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Return job still up for grabs


Return job still up for grabs

The Ravens top kickoff returner last year was benched for a month after some problems with fumbles, and then ended the season on injured reserve. His top backup is now in Indianapolis. The top punt returner is also the top cornerback, so his role on special teams could be limited.

Thats one reason why the Ravens entered this offseason with major questions in the return game, part of a special teams unit that performed well below coach John Harbaughs expectations last season.

The Ravens seemingly made a major move to upgrade the return game when they signed former Texans wide receiver Jacoby Jones. Though he had one very costly turnover on a return against the Ravens in the playoffs last season, Jones ranked 13th in the league in punt returning last year with an average of 10.6 yards and one touchdown. He also has 64 kickoff returns for a 23.3-yard average and one touchdown over his five-year career.

Speaking to the media at training camp on Saturday, Ravens special teams coordinator Jerry Rosburg said he could see Jones serving as a dual return threat, though that would depend on his role in the offense.

I think we'll see how much he is playing on offense, Rosburg said. If he is playing a lot, he may be doing both, but he may not be doing every rep with both.

The Ravens primary kick returner last season, David Reed, averaged 29.7 yards over 18 returns. But he lost the job for a month after fumbling three times in a two-week span. Then he suffered a season-ending knee injury on Christmas Eve and remains sidelined as he recovers from surgery.

Lardarius Webb handled most of the Ravens punt return duties last year, averaging 10.0 yards, with one touchdown. But with his role increasing in the secondary, the Ravens seem less enthused about putting their top shutdown corner on the return team.

Webb, though, said he would like to be on the punt return unit occasionally, and Rosburg said Saturday that, I envision Lardarius being one of our returners.

The preseason, though, always gives lesser-known players the chance to make their mark. LaQuan Williams saw action in both return roles last preseason, though that didn't translate to much action during the regular season.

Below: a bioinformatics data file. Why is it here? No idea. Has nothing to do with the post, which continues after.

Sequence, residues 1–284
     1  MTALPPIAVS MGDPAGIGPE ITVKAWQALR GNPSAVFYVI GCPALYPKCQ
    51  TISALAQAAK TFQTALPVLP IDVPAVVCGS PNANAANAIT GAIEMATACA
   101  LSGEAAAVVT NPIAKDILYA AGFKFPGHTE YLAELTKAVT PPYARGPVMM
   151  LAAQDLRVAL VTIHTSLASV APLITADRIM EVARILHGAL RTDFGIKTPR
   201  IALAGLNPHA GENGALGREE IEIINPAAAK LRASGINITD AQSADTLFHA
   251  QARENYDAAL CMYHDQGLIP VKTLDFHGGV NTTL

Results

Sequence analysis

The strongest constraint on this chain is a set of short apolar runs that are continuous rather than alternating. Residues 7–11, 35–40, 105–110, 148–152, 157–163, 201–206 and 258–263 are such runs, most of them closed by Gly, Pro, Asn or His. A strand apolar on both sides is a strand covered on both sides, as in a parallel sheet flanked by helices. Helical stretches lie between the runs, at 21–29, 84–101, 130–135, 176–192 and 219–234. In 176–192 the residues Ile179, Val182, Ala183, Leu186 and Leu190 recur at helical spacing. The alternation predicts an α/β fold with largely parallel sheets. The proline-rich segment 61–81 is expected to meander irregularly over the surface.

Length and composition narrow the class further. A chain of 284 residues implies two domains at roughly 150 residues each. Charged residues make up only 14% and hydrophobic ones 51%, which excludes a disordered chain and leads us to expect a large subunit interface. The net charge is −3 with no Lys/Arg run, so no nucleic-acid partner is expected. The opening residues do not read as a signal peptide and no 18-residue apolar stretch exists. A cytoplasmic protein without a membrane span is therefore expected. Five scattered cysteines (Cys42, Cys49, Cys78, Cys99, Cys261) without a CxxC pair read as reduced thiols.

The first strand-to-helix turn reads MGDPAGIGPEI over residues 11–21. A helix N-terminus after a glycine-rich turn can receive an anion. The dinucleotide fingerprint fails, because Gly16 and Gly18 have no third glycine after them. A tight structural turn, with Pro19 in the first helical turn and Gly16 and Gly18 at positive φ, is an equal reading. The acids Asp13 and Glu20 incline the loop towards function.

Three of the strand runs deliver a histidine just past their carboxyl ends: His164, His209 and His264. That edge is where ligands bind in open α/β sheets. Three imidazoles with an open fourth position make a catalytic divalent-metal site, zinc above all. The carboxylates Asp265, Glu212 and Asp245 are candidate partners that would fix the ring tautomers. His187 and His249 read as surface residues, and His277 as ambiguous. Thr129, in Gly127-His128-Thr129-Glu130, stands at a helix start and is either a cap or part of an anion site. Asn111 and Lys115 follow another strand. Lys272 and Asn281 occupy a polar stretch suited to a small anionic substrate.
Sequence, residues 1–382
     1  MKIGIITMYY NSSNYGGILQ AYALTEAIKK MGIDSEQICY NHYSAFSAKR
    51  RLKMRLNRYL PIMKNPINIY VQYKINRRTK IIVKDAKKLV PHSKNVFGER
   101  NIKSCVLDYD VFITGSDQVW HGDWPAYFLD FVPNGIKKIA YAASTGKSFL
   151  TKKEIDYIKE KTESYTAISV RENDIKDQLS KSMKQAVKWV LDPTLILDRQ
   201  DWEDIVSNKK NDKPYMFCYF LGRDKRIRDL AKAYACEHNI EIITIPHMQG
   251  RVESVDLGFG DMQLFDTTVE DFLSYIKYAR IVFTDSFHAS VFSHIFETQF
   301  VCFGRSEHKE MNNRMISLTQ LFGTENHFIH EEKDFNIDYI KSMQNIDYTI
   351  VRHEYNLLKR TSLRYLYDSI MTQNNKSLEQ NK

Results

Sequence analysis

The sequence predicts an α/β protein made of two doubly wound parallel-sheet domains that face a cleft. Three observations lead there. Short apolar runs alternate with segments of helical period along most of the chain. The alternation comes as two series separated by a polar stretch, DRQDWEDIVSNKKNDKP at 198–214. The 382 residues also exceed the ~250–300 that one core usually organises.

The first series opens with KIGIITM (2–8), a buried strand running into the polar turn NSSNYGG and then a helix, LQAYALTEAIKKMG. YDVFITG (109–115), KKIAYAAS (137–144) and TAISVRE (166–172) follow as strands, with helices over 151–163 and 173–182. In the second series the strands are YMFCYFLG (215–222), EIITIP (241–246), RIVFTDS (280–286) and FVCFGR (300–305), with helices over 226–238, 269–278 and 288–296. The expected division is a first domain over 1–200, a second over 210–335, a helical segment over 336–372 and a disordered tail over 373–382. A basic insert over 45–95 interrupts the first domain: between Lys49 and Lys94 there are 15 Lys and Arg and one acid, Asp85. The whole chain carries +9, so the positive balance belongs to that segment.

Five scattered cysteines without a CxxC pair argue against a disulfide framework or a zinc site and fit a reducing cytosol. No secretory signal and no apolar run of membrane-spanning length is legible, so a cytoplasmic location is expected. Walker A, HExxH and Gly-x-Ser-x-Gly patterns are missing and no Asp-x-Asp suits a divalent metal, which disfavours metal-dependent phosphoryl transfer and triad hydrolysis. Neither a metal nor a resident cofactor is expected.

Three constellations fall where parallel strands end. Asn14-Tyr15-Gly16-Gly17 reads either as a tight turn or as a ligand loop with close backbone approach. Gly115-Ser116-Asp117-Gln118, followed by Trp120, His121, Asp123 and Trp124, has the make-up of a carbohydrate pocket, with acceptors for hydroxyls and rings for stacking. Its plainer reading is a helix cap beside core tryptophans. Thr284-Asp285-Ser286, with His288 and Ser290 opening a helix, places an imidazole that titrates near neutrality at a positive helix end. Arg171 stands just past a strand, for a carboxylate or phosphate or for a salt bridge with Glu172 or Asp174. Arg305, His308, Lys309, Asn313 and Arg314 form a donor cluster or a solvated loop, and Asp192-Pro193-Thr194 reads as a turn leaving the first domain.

A couple of rookies to watch this preseason are receiver Deonte Thompson, who has burner speed, and rookie cornerback Asa Jackson, a record-setting return man at Cal Poly.

During the preseason, Rosburg said, "You're going to find a lot of those young returners with opportunities. It gets to the point of the game in preseason in the second half and then, 'OK, it's your turn. Go show us what you can do.'

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Fellow dance student of Ravens' Alex Collins fatally shot in Florida school shooting

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Fellow dance student of Ravens' Alex Collins fatally shot in Florida school shooting

On Wednesday, February 14, a horrific school shooting claimed the lives of 17 innocent people at Marjory Stoneman Douglas High School in Parkland, Fla. 

The tragic event impacted people far and wide, and hit especially close to home for Ravens running back Alex Collins.

The former Arkansas star was born in Plantation, Fla., a suburb of Fort Lauderdale and went to high school just 15 miles south of Douglas High School. 

In the offseason, Collins took Irish dancing lessons to improve his footwork, and following the act of terror, the Ravens' tailback learned that one of his dance partners had been killed in the mass shooting.

17-year-old Cara Loughran attended The Drake school of Irish Dance with Collins in addition to two other Marjory Stoneman Douglas High School students and was fatally shot by the gunman on Wednesday afternoon. 

Collins took to his Twitter account to issue this heartfelt message.


“The school shooting yesterday hit home,” Collins wrote.

“We received confirmation a few hours ago we lost one of the girls, Cara Loughran. Two other girls saw and experienced unspeakable tragedy. My heart goes out to these girls, all their families and their teacher Chrissy.”

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Baltimore Ravens to take on Chicago Bears in Hall of Fame game

USA Today Sports

Baltimore Ravens to take on Chicago Bears in Hall of Fame game

BALTIMORE -- The Baltimore Ravens and Chicago Bears will launch the NFL's 99th season by playing in the annual Hall of Fame game on Aug. 2.

The Ravens' first appearance in the Hall of Fame game, which launches the league's 2018 Enshrinement Week. Former Baltimore linebacker Ray Lewis is among the inductees, along with former Bears linebacker Brian Urlacher.

Lewis, who played 17 seasons with the Ravens, and Urlacher, who played all of his 13 seasons with Chicago, both were elected on the first ballot.

Lewis joins Jonathan Ogden as the only Ravens in the Hall of Fame. Both were selected by Baltimore in the first round of the 1996 draft.

The other members of the Class of 2018 include Bobby Beathard, Robert Brazile, Brian Dawkins, Jerry Kramer, Randy Moss and Terrell Owens. All will be inducted on Saturday, Aug. 4.

This will be the record-tying fifth time that the Bears will play in the Hall of Fame game. They won the previous four, most recently 27-24 over Miami in 2005.